10 To illustrate with a simple example: suppose a metaphysical realist has come to adopt certain deeply entrenched commitments about the nature of time. Perhaps they have come to believe, for instance, that the B-theory of time is true on the grounds that (i) God exists, and (ii) if God exists then God is metaphysically simple, but (iii) if the B-theory is not true, then God is not metaphysically simple, ergo et cetera. Suppose further that the state of science were such that there existed no empirically adequate alternative to the Lorentzian theory of relativity (as there in fact is thanks to Einstein), and that our metaphysical realist is perceptive enough to see that if the Lorentzian theory of relativity is literally true, then the B-theory of time is false. 51 In such a case, the metaphysician has good grounds for accepting that the Lorentzian theory of relativity is empirically adequate, and that what it says about certain unobservable features of the world is literally false. 52 From this perspective one finds that metaphysical realism motivates what van Fraassen would recognize as a form of scientific anti-realism precisely because it motivates this pragmatic vision of theory acceptance. It has been argued in this paper that van Fraassen s constructive empiricism, insofar as it is motivated by empiricism for which denial of objective modality is such a central component that it is almost definitive, 53 and insofar as it requires modal realism in order to make the distinction, on which it treads, between observables and unobservables intelligible, faces a serious predicament. Constructive empiricism, inspired by empiricism, must divorce empiricism and marry realism, and once it does so it entails some form of metaphysical realism. 51 This has been argued at length by people like William Lane Craig, and is practically acknowledged as a truism in philosophy of time. See: Craig, William Lane. "Time and eternity." Science and Religion in Dialogue(2001): Time is, of course, neither an entity nor an event, but presumably its nature, if it exists, qualifies as unobservable, and moreover it is an unobservable which the Lorentzian theory of relativity says something about. 53 Ladyman, James. "Constructive empiricism and modal metaphysics: A reply to Monton and van Fraassen." The British journal for the philosophy of science 55, no. 4 (2004): P a g e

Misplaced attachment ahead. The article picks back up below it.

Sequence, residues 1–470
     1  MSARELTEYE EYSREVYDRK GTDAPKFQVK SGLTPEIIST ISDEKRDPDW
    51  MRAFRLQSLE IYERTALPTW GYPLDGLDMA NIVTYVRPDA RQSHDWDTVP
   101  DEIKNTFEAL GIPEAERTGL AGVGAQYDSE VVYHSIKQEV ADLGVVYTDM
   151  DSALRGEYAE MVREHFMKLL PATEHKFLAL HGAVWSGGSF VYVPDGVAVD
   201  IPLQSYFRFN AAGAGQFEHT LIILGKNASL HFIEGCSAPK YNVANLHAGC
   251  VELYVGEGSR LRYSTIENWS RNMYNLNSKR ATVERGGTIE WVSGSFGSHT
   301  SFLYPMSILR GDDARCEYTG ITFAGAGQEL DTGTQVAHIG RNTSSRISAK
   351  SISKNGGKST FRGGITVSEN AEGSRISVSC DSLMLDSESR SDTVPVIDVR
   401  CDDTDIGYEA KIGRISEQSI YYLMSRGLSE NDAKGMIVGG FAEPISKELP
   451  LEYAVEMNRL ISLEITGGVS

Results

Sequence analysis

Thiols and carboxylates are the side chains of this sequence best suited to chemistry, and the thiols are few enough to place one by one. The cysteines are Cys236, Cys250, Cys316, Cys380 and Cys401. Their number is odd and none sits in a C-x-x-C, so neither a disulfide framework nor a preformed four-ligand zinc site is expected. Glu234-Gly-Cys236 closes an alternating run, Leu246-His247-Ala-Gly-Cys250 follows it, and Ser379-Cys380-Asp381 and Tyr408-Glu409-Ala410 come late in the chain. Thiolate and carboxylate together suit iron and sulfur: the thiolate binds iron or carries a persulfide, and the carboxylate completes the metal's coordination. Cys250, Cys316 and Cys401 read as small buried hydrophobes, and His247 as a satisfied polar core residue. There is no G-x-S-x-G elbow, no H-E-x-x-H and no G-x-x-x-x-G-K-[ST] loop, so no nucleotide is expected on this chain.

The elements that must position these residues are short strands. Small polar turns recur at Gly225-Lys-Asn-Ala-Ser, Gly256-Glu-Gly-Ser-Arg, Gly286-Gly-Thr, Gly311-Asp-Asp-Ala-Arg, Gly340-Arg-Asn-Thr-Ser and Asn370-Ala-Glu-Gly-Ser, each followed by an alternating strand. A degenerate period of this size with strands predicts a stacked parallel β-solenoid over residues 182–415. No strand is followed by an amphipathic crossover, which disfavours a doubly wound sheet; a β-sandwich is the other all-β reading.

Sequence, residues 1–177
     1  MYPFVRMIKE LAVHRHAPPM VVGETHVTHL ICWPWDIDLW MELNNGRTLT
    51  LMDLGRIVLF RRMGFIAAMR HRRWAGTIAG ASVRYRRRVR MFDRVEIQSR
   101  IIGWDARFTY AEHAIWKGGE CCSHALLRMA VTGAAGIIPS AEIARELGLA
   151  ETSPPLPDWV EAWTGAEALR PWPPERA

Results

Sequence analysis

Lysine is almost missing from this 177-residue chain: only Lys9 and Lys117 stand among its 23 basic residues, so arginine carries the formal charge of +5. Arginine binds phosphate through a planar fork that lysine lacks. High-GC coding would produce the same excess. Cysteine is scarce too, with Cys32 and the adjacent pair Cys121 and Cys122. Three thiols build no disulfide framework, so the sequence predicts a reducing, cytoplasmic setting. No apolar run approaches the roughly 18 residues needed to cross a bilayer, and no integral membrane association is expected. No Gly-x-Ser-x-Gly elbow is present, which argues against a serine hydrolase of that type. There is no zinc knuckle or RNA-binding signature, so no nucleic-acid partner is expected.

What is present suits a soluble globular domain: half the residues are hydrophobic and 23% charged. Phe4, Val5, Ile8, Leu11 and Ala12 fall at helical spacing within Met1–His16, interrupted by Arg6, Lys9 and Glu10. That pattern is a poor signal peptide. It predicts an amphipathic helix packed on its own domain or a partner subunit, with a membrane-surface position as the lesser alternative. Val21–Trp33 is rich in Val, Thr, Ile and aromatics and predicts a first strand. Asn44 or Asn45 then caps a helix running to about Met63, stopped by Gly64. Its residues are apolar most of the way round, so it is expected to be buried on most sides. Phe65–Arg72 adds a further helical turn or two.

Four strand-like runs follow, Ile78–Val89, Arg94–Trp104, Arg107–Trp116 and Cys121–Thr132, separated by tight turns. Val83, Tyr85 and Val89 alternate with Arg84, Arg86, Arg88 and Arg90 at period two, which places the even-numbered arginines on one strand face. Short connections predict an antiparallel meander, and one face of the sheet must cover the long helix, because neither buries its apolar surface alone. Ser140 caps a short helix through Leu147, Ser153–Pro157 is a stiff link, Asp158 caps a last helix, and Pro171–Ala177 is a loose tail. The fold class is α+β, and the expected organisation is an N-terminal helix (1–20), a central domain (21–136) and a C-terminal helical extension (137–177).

11 Metaphysical realism in general, however, can motivate a pragmatic view of theory acceptance. This theory acceptance need not be qualified by the distinction between observable and unobservable (though it may be), but it will allow the realist to accept a theory while having good grounds to reject that the theory is literally true. 11 P a g e